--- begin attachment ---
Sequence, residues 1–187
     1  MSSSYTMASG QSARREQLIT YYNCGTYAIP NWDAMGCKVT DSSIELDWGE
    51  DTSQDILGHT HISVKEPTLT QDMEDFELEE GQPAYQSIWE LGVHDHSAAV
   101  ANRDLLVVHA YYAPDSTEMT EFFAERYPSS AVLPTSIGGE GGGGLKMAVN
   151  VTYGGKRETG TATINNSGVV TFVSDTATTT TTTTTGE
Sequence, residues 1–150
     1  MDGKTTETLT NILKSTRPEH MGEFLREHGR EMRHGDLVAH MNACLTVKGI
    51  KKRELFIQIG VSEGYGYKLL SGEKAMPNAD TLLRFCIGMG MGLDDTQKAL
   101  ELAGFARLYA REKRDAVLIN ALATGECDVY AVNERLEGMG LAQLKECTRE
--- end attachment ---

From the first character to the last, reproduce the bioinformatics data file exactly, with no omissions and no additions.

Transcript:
Sequence, residues 1–187
     1  MSSSYTMASG QSARREQLIT YYNCGTYAIP NWDAMGCKVT DSSIELDWGE
    51  DTSQDILGHT HISVKEPTLT QDMEDFELEE GQPAYQSIWE LGVHDHSAAV
   101  ANRDLLVVHA YYAPDSTEMT EFFAERYPSS AVLPTSIGGE GGGGLKMAVN
   151  VTYGGKRETG TATINNSGVV TFVSDTATTT TTTTTGE
Sequence, residues 1–150
     1  MDGKTTETLT NILKSTRPEH MGEFLREHGR EMRHGDLVAH MNACLTVKGI
    51  KKRELFIQIG VSEGYGYKLL SGEKAMPNAD TLLRFCIGMG MGLDDTQKAL
   101  ELAGFARLYA REKRDAVLIN ALATGECDVY AVNERLEGMG LAQLKECTRE